Urban Legends, different provinces have them. They are stories by word of mouth and no one knows whether or not they really happened, but urban legends say a lot about people’s creativity in story-telling.
Cebu also has its set of urban legends that have been passed down to generations. From hauntings to mythical fishes, the Cebuano urban legends proved to be both horrific and intriguing. Here are 5 Cebuano urban legends you should know.
1. The Kugtong
Have you heard about the Urban legend of Cagayan de Oro’s Giant Goldfish? Well, Cebu has its own counterpart, The Kugtong.
The Kugtong is a well known legend in Lapu-Lapu City. According to the urban legend, the Kugtong is a gigantic grouper fish that lives under a milling company. Some say the fish can swallow a person whole with its flesh-ripping teeth and razor scales. They believe that the fish is mutated from the biological waste products from the milling company.
Some people believe that the fish is lucky, which is why the owners of the milling company take good care of the Kugtong to bring success to their business.
2. Minda Mora
Cebuanos love a good horror story. The following urban legend is from the University of San Carlos Downtown Campus. They say a student named Minda Mora still haunts the university until this day because of her tragic fate.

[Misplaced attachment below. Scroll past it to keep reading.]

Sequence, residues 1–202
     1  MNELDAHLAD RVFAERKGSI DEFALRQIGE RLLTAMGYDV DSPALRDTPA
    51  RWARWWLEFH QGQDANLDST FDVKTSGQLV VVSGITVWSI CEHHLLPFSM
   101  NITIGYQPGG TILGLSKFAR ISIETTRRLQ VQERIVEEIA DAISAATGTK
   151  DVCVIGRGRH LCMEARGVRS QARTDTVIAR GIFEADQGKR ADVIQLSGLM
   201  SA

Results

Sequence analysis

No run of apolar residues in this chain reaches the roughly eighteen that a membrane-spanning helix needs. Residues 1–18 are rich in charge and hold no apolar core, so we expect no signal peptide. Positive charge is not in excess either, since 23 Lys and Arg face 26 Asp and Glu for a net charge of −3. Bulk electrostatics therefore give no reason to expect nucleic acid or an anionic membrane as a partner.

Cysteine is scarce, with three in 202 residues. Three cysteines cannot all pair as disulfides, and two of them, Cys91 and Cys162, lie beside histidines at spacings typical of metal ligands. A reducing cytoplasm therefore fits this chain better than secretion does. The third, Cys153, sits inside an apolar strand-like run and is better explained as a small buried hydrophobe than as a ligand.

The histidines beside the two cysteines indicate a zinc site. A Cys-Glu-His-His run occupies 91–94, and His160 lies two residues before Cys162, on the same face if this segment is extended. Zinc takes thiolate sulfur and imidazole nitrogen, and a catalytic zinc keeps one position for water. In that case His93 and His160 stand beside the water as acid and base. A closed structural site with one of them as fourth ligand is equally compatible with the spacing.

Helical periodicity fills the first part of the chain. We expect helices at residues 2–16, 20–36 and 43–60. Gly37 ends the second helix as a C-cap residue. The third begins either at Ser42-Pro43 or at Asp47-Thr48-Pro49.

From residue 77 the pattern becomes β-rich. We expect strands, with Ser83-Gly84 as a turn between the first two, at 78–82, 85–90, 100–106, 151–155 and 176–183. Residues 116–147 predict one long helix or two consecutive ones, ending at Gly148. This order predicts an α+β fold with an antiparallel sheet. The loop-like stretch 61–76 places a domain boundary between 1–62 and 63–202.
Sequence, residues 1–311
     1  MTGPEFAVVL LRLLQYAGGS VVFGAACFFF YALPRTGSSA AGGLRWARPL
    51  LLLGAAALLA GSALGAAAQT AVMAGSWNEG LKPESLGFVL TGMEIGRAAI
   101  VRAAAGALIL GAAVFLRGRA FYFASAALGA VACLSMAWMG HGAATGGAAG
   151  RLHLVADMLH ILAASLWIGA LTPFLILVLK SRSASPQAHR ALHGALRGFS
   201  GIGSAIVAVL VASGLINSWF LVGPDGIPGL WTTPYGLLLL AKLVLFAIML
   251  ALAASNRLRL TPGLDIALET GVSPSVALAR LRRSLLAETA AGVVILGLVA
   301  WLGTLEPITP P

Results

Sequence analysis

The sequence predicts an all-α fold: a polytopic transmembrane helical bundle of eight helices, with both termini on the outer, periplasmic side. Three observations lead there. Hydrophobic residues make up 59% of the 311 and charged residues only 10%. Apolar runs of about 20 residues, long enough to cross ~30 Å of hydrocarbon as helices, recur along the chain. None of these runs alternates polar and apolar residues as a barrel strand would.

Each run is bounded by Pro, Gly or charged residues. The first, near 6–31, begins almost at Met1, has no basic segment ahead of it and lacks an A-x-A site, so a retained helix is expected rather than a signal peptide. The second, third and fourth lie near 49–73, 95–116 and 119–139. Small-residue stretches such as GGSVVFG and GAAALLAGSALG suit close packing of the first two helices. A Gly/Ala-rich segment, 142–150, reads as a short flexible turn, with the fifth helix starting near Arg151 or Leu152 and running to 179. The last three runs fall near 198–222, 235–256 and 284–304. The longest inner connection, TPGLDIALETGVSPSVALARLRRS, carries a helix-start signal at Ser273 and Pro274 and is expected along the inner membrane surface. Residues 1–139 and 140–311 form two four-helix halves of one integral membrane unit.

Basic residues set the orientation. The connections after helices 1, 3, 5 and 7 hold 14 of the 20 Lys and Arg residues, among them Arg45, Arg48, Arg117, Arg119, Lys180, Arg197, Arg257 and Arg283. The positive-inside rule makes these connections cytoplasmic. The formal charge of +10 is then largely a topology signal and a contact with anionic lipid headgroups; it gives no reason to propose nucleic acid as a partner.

Legend says that Minda Mora, a promising student who loves performing, was raped and killed by many security personnel. The poor student’s body was said to be buried in the USC Cultural Center. Seeking vengeance for her gruesome death, she still haunts the halls of the University.
Famous Filipino urban legends almost always include an aswang. Cebu has its aswang figure by the name of Lily. According to urban legends, Lily is a witch who devours people at midnight. She is said to be most powerful when the moon shines.
4. Cat Meat Siopao
Who doesn’t love Siopao? The savory meat inside a fluffy bun hits the spot. Did you know Cebu has an urban legend about siopao? You might want to stop eating this.
Legends say there was meat scarcity during the war, so people resorted to other alternatives. One alternative was believed to be a beloved house pet. Do you need a clue? It goes “meow.” If you guessed cat meat, then yes. As an alternative stuffing, people used cat meat for siopao.
To this day, people still joke around about being careful with siopao because you never know what you could get. Bon appetit…?
5. The Child, Niño
Almost every Cebuano household has a statue of Sto. Niño. Yes, there is an urban legend about that too. According to the story, a couple who lived in the mountains decided to pray after the loss of their carabao. When they were about to pray, they noticed their Sto. Niño disappeared.
The next day, the couple was stunned to see the carabao outside their house. However, this is where it gets interesting and slightly surprising. A neighbor apparently saw the carabao pass by his house with a young boy riding on its back.
The couple also noticed that their Sto. Niño statue was back, and there was amorseco on it. And so, the couple thought of the idea that it was the child Sto. Niño that brought back their carabao.
Those are the different Urban legends of Cebu. A human’s imagination is powerful enough to create interesting stories like these. You have to believe.
Oh, you might want to sleep with your lights on tonight.